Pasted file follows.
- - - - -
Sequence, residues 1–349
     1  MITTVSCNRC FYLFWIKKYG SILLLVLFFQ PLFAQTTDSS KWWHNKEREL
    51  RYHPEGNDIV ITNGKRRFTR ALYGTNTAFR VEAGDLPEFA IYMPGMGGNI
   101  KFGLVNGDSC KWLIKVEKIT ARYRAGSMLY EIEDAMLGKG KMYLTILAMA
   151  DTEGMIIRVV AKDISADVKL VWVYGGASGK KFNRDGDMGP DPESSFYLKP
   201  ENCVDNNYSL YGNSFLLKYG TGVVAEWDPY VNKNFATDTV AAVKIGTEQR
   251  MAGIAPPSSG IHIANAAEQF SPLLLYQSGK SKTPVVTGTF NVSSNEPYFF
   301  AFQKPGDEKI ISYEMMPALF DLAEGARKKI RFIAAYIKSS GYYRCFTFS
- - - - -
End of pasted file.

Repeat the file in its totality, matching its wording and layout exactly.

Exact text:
Sequence, residues 1–349
     1  MITTVSCNRC FYLFWIKKYG SILLLVLFFQ PLFAQTTDSS KWWHNKEREL
    51  RYHPEGNDIV ITNGKRRFTR ALYGTNTAFR VEAGDLPEFA IYMPGMGGNI
   101  KFGLVNGDSC KWLIKVEKIT ARYRAGSMLY EIEDAMLGKG KMYLTILAMA
   151  DTEGMIIRVV AKDISADVKL VWVYGGASGK KFNRDGDMGP DPESSFYLKP
   201  ENCVDNNYSL YGNSFLLKYG TGVVAEWDPY VNKNFATDTV AAVKIGTEQR
   251  MAGIAPPSSG IHIANAAEQF SPLLLYQSGK SKTPVVTGTF NVSSNEPYFF
   301  AFQKPGDEKI ISYEMMPALF DLAEGARKKI RFIAAYIKSS GYYRCFTFS